Leadership, Opinion, School Community

Cdn EdWire – School Closures Dilemma in Hamilton

An in-depth series from the Hamilton Spectator explores tough choices that must be made – and the implications on families and neighbourhoods – when 11,000 empty student spaces pile up in an urban centre.

CC Photo by: That Canadian Grrl

Board decides new high school will replace three in lower city – Hamilton Spectator
Costs, empty seats behind plan to build new high school in lower city to replace aging buildings

CC Photo by: That Canadian Grrl

Board decides new high school will replace three in lower city – Hamilton Spectator
Costs, empty seats behind plan to build new high school in lower city to replace aging buildings

 School Closures: Programs are next hurdle – Hamilton Spectator
High school closures will also affect how, where students learn

School Closures: Spectre of ‘education desert’ in lower city – Hamilton Spectator
Prospect of a new consolidated high school in lower city makes for a $41.5-million investment in an underserved area, but also means many students will have to travel farther to get there

School Closures: Ripples felt far beyond the classroom – Hamilton Spectator

School’s out … forever? – Hamilton Spectator


National math test on level: minister – Winnipeg Free Press
Teachers, trustees have suspicions

Racism or compassion? Study finds some teachers softer on minorities – Globe and Mail

Parents’ fight to fire teachers at struggling school ends up in ugly court battle – Toronto Star

Teen in Jesus shirt row won’t attend N.S. school unless they’re teaching ‘good old-fashioned academics’ – National Post

‘Caps’ mean special education students not getting help, People for Education report says – Toronto Star

Vancouver school district faces challenge to connect students, jobs – Vancouver Sun
Employers’ alliance warns of skilled worker shortage as it urges educators to promote innovation in classrooms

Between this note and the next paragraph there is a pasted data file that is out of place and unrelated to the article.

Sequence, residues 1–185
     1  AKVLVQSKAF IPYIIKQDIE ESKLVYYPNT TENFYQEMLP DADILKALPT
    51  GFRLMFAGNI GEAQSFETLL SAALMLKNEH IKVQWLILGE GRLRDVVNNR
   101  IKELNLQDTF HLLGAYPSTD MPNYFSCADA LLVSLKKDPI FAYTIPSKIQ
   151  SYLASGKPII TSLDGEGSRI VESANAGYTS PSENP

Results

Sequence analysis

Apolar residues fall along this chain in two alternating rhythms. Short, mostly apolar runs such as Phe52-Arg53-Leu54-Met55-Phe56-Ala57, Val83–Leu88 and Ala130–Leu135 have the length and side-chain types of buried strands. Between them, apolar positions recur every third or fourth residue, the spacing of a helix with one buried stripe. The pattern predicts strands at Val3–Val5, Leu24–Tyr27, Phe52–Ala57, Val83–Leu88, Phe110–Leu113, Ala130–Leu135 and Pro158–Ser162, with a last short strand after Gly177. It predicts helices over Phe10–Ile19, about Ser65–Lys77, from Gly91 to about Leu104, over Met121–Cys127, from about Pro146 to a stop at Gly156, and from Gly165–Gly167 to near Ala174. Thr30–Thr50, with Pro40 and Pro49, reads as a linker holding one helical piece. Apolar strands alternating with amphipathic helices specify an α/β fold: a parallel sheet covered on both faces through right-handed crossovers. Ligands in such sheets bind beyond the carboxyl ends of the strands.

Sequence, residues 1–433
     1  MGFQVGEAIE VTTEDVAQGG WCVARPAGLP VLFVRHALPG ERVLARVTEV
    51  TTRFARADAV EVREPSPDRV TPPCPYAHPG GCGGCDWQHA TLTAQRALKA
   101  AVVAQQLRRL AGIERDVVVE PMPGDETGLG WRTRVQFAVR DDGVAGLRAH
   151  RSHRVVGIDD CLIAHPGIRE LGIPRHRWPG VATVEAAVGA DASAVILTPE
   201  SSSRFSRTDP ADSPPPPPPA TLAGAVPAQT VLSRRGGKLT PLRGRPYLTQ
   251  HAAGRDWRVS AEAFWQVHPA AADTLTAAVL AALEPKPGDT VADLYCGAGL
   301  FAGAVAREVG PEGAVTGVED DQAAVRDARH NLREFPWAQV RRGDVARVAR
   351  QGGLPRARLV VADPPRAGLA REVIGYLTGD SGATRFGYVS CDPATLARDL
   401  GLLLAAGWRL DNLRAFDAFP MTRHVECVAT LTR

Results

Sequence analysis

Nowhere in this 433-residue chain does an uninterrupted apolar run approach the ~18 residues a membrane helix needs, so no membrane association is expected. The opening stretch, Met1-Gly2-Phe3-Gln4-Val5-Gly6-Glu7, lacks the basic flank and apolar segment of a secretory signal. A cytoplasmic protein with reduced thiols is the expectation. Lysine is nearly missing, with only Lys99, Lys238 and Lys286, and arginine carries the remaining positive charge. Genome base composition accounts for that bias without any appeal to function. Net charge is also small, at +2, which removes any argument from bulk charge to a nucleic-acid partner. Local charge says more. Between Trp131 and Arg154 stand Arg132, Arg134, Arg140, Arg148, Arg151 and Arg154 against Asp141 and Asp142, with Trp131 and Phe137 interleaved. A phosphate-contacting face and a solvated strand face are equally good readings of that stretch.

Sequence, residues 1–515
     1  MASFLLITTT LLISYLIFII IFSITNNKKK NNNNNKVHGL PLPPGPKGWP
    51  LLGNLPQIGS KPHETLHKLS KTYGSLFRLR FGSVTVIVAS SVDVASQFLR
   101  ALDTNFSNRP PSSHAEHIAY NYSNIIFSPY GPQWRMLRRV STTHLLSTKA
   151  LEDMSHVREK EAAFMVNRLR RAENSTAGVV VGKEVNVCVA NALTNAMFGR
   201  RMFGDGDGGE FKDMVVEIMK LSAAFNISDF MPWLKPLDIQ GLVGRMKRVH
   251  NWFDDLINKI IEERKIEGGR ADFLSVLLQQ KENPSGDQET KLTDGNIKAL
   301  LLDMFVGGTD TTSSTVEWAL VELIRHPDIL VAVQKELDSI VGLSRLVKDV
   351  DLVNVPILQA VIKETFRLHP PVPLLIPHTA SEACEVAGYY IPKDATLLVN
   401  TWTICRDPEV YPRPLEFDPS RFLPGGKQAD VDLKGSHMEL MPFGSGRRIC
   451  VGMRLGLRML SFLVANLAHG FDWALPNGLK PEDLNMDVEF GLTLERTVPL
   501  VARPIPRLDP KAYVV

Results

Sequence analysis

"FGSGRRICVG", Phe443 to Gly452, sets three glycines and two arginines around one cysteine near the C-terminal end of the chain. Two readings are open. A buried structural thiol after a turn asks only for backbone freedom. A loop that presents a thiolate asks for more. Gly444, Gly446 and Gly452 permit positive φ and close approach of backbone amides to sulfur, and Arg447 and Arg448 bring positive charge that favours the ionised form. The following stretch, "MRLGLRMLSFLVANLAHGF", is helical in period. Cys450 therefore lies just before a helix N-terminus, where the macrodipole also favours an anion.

Train the brain – Toronto Sun
Kids learn better if ‘executive function’ is prepared early, say neuroscientist

B.C. opens the door to year-round school– Toronto Star

Catholic trustee wants gay-straight clubs in Waterloo schools – Toronto Star

The impact of tech on children – Edmonton Journal

Public-school graduates beat private pupils in undergrad, research finds – Globe and Mail

Is the PD day broken? Professional development days may do little to improve teaching – National Post


What America Can Learn From Ontario’s Education Success – The Atlantic

It’s Time for a New Kind of High School – Education Week


Engaging Without Carrots and Sticks – The Wejr Board
Becoming a father and making the transition to teaching primary students has made it very clear to me that our kids begin their lives with an inquisitive mind and an enviable level of excitement for learning.  Primary students seem to have an energetic curiosity and require very little motivation for engagement; however, as these students progress through our system and the focus moves from the child to the curriculum and learning to grades, they often seem to lose that drive.Read more

21st Century Learning…blah blah blah – The Principal of Change
Right now you probably hear as many people talk about how annoyed they are with the term “21st Century Learning” as you will hear people talking about the importance of it.  I will have to admit, I am in the “annoyed” camp. We often talk about these ideals of what “21st Century Learning” will look like but I think we can start with something much simpler.  We should start asking, “How do we ourselves best engage in our own learning?”

I was reminded of this the other day while at a conference and the presenter started the session by saying, “I would like to start by asking everyone to put away their mobile devices.”  The room was split down the middle with those who were offended by his statement, and those that knew he was joking.  Educators as learners would often be offended if we were told the tools or way that we are allowed to learn at any point, yet often many do not flinch at asking their kids to do the same.…Read more

The Difference Between Learning And Instruction – Etc: Education, Technology and Culture
In a future where a connected mind is likely to be at a premium, should we not be seeing ‘learning’ as more than just store-and-retrieve? Sure, that might help you pass a standardised test, but will it help you put two ideas together to create a new one? And, if a student becomes engaged (and inquiry and problem-based approaches seem remarkably good at engaging students) aren’t they going to be more likely to apply some discretionary energy into learning more about concepts and theories, because doing so could explain why an experimental didn’t work fully? We do know that, if knowledge isn’t re-visited regularly, we lose it. This explains why most of us can’t remember much of what we rote-learned in our childhoods, no matter how guided the instruction. If we weren’t engaged at the time of the instruction, we aren’t likely to want to re-visit it….Read more

Meet the Expert(s)

Max Cooke


Max Cooke is the CEO of the EdCan Network.

Max Cooke est le directeur général du Réseau ÉdCan.

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